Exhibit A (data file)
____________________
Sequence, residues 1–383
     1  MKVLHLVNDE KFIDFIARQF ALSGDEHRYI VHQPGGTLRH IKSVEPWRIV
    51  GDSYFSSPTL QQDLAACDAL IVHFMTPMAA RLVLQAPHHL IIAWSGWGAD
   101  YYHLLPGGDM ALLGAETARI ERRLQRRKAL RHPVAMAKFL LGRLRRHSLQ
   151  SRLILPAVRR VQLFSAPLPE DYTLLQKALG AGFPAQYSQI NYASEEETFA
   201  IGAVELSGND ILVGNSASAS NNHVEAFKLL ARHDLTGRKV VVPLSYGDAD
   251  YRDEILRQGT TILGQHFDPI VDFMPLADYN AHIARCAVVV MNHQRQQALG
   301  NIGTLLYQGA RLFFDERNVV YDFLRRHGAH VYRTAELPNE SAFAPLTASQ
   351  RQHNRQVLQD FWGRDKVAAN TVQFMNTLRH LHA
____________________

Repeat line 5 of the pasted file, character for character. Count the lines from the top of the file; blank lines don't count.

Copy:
   151  SRLILPAVRR VQLFSAPLPE DYTLLQKALG AGFPAQYSQI NYASEEETFA